A: Because all it measures is what goes through the marketplace. Every economist will tell you it’s flawed. Even Simon Kuznets, the person who developed GDP, stated that it should not be used to indicate welfare. GDP leaves everything that is currently left out of the marketplace like leisure, home improvement, child care, environmental degradation, and a bunch of other important factors. Finally, any [negative] externalities of the marketplace are left out of GDP; we are leaving out the negatives of how we actually produce and consume. With GDP, we only measure our production and consumption. 

Q: Besides GDP, what other metrics are currently available for economists to use that could be superior to GDP for measuring welfare? 

A: There are lots of metrics. That’s part of the problem. It’s like the saying where if you ask five economists the same question, you get five different answers. But I can give some examples. One is the Genuine Progress Indicator, or GPI, which places a market value for all activities outside of the scope of the market. So, it gathers data on things like non-market labor, the use of time, environmental degradation, and all these other aspects that are not captured by GDP and places a market value on them. However, it takes a lot of data. In fact, GDP has the same problem but we’ve computed it for such a long time, spending billions of dollars to ensure that this metric is gathered. But discussions around welfare usually revolve around GDP per capita, which leads many people astray.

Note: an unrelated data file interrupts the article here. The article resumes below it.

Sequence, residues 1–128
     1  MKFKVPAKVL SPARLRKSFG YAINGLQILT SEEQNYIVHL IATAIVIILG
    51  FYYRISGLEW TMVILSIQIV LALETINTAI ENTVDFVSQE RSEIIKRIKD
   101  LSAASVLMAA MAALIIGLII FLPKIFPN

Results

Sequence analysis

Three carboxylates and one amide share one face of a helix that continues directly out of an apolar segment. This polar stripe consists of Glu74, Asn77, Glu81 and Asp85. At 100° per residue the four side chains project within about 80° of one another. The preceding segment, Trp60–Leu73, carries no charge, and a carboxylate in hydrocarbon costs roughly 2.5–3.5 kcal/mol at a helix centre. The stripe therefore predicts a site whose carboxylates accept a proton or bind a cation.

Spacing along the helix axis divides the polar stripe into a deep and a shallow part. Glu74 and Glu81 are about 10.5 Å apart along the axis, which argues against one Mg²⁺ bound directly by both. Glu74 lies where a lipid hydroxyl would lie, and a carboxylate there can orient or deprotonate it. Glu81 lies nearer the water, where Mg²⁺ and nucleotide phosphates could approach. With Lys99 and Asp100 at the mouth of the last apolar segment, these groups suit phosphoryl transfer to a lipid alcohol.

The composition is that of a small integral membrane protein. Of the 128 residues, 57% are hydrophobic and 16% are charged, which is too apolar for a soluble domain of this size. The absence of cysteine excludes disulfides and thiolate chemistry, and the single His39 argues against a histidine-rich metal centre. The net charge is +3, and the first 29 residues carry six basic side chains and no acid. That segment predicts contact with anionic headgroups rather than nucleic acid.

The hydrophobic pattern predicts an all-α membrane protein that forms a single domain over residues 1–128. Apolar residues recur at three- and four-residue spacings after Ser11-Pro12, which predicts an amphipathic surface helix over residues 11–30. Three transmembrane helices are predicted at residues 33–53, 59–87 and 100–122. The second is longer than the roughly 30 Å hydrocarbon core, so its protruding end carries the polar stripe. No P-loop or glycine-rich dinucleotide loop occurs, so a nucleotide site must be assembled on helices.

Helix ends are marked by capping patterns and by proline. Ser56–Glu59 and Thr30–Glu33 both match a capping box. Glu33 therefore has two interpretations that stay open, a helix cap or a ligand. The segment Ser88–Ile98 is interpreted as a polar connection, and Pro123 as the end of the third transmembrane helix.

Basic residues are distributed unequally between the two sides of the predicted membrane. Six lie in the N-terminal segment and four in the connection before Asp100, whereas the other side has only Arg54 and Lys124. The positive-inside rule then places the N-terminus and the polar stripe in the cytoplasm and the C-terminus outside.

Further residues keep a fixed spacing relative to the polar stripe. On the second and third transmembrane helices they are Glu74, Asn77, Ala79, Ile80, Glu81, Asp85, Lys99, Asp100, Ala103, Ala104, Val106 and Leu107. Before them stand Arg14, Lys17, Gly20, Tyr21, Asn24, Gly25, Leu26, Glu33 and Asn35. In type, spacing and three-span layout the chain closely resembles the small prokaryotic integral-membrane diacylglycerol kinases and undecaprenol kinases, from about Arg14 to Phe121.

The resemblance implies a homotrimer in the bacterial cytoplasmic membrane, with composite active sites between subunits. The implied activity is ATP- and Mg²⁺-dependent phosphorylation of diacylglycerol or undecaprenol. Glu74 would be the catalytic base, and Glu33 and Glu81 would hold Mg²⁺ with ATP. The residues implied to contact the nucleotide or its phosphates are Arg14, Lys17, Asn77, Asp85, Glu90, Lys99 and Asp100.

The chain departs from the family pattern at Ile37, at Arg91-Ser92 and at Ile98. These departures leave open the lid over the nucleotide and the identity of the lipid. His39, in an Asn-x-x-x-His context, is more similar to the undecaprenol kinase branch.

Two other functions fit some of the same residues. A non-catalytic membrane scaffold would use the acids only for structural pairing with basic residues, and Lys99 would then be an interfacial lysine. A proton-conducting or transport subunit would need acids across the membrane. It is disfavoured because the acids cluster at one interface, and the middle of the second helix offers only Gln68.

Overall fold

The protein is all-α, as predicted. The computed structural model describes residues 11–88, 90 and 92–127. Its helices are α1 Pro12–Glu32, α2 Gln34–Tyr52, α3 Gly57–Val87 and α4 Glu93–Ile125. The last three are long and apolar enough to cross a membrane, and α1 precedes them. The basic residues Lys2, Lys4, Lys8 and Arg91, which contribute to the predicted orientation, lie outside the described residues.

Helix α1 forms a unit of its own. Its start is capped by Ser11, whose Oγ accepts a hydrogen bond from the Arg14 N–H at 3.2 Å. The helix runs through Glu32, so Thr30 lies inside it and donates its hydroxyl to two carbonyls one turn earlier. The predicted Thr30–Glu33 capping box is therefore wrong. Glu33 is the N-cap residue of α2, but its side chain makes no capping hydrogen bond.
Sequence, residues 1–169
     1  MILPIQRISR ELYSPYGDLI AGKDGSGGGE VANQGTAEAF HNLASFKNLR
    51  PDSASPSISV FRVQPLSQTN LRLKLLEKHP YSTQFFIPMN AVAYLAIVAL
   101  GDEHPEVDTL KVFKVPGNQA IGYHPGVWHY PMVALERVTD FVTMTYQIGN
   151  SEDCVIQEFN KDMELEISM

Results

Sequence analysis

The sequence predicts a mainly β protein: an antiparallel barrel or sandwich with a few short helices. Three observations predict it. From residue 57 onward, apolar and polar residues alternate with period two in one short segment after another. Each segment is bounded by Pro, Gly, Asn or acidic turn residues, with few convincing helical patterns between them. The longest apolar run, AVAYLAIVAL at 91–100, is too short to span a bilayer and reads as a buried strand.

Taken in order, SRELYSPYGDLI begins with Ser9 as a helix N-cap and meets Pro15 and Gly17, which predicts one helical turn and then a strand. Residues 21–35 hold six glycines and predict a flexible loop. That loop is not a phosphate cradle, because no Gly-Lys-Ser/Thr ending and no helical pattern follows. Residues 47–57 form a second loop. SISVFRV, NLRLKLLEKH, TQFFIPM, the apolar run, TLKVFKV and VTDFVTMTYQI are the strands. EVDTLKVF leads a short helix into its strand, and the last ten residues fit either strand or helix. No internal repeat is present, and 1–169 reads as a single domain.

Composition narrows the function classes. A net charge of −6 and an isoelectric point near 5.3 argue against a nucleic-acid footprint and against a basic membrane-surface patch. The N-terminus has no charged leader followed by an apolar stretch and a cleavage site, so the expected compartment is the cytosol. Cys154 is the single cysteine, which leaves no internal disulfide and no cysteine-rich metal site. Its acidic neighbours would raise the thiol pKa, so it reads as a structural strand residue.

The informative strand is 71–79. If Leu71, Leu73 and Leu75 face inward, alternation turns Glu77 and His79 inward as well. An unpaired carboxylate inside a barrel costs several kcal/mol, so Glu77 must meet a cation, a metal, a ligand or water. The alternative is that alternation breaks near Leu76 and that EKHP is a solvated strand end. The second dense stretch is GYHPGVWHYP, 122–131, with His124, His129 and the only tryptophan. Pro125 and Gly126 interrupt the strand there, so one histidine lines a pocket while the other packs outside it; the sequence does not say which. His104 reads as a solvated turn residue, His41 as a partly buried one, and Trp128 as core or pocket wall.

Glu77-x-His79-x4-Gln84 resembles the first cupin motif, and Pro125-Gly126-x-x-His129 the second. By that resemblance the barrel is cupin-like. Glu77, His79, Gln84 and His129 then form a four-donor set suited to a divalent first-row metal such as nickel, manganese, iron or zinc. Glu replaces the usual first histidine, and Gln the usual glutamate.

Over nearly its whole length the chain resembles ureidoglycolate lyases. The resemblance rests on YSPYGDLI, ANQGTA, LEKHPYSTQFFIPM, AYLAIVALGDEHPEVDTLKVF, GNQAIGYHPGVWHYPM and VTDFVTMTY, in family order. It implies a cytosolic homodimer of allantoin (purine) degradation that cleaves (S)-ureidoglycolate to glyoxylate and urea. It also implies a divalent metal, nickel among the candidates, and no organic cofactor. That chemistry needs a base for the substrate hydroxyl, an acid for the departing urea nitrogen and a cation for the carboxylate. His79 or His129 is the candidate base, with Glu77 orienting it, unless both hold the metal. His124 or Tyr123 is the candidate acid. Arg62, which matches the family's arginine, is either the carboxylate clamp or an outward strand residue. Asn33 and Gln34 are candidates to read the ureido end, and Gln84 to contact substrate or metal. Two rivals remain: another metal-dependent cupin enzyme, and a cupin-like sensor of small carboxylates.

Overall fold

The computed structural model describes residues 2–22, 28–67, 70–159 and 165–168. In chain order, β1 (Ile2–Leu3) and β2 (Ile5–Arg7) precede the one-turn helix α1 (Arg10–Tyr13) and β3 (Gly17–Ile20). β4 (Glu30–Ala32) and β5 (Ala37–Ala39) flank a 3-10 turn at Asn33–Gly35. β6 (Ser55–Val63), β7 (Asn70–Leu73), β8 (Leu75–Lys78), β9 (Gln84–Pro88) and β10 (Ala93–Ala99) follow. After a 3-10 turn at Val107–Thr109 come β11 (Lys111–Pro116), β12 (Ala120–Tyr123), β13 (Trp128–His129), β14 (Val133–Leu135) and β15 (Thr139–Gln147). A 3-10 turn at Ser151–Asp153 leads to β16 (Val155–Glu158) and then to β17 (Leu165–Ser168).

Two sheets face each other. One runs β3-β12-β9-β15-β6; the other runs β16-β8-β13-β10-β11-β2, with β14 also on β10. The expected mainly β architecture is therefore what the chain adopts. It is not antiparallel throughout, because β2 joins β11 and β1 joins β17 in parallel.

Q: How does GDP per capita lead us astray? 

A: GDP per capita might be growing over time but it doesn’t account for the distribution of income. For most of the 20th century, GDP per capita and median household incomes are going up at the same time. But there is this big divide that happened in the late 70s because Reagan began to slash taxes. Ever since, a large amount of the growth in GDP has been captured by the top 5% and 1%. Industries became more concentrated. More income and power in industries allows wealthy individuals and corporations to buy elections. The impact on the environment is ignored. It has become a vicious cycle. This is all characteristic of living in a neoliberal world.